Everything you think you know about welfare is wrong.

Too many Americans believe that “welfare” is a bottomless pit of unlimited cash, available free of any rules, to anyone who wants it, for as long as they want to take it. They “know” that all welfare recipients are lazy, illiterate, drug-addicted criminals who refuse to work and bear children simply for the “rewards” of higher welfare benefits. That is not, and has never been, true.

There are dozens of public assistance programs in the United States providing cash, food, shelter, medical, education, and other benefits to nearly every American. Yes, really. I’ll write more about those in a future article. Today, I will focus on The Temporary Assistance to Needy Families program. TANF is the primary cash assistance program in the United States. Congress replaced its predecessor, Aid to Families with Dependent Children (AFDC), with TANF in 1996.

The U.S. Department of Health and Human Services oversees and regulates TANF. Each state receives a block grant of funds based on its population, poverty rate, etc. to distribute to TANF recipients and must follow federal regulations. No state is required to participate in the program, but every state does. States have some flexibility to design their programs within federal guidelines to provide cash, childcare, employment, and other services to participants. Nationwide, only 7.4 percent of TANF funds are spent on systems and administration.^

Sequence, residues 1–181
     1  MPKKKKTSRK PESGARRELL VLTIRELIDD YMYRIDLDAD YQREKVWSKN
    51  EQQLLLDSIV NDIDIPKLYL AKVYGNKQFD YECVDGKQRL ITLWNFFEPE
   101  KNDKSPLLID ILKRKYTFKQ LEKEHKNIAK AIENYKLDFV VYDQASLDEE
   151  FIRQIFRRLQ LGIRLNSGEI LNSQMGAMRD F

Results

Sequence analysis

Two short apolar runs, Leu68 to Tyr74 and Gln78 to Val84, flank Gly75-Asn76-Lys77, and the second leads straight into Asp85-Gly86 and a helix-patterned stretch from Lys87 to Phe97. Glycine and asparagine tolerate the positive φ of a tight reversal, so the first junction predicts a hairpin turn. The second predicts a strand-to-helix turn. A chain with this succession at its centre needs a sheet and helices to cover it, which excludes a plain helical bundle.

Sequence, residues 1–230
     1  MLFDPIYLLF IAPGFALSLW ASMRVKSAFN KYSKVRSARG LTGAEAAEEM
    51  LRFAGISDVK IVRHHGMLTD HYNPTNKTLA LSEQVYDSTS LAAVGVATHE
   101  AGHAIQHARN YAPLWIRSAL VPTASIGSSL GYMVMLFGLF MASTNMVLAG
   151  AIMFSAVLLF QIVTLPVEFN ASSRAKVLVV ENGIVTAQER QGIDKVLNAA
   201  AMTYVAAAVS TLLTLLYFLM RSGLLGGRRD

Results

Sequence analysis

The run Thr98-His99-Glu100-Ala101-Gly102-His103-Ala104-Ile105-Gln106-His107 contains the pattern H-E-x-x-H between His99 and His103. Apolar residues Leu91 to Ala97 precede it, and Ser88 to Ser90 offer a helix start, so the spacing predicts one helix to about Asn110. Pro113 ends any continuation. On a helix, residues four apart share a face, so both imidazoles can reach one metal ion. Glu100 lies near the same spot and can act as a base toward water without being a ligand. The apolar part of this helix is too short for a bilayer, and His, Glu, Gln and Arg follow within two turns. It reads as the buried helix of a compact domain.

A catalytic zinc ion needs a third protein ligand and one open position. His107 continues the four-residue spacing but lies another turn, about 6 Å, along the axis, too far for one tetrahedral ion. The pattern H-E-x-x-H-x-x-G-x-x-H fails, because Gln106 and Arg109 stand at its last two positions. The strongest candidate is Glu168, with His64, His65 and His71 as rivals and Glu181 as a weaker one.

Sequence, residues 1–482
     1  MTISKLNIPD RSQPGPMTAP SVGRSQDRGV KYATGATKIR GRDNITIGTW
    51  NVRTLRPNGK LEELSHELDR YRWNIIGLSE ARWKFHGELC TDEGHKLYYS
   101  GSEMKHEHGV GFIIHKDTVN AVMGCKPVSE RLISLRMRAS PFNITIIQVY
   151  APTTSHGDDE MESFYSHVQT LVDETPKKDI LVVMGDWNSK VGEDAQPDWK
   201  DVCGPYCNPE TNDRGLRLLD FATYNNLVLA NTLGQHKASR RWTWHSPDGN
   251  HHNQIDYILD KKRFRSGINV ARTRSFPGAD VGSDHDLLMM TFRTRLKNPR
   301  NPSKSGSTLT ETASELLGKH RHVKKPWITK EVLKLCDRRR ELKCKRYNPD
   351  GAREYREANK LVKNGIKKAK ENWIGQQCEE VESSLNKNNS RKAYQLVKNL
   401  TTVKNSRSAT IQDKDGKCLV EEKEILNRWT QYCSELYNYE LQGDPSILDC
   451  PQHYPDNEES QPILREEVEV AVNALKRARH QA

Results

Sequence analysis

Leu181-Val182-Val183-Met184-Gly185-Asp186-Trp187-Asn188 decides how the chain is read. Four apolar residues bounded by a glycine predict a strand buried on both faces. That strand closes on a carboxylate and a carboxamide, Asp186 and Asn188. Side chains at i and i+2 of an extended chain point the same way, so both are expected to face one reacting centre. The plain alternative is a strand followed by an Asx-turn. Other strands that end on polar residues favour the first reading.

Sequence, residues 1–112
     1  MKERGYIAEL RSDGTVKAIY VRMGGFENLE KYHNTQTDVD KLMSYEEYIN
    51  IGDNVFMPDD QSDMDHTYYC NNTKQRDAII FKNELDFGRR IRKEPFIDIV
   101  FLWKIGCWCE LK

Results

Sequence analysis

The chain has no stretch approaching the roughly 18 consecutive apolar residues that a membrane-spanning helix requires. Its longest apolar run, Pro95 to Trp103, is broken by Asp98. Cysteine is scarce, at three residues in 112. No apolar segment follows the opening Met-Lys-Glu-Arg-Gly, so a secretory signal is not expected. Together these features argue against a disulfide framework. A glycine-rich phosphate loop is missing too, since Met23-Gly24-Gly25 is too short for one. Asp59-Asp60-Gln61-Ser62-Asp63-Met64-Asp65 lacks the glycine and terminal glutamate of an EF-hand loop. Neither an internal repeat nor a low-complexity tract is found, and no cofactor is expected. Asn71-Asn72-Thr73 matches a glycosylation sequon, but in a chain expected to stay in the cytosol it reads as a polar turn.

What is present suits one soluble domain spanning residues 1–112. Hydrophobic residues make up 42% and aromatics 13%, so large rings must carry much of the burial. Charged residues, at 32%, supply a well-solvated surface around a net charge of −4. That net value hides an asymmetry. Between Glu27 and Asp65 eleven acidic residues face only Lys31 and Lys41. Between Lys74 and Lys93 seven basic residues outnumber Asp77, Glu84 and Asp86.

TANF is available to families with children, and children without parents, who have no other means of support. Federal and state laws require able-bodied adult participants to engage in education, job preparation, or other work-related activities in order to collect benefits.

As reasonable people, we can debate whether to provide welfare benefits at all, but we must open that discussion with the truth, not with rumors or lies or distortions. Every group stereotype fits some of the people in that group, but no stereotype is true of all of the people in the group.

Myths and Facts

First, many critics believe that the “welfare rolls” are overflowing with public assistance recipients. Actually, the average monthly participation was only 4,375,022 in 2010. That’s an average of 1,393 people for each of the 3,141 counties in the United States each month. The 1,118,588 adult recipients compose less than four-tenths of one percent of the U.S. population at any given time.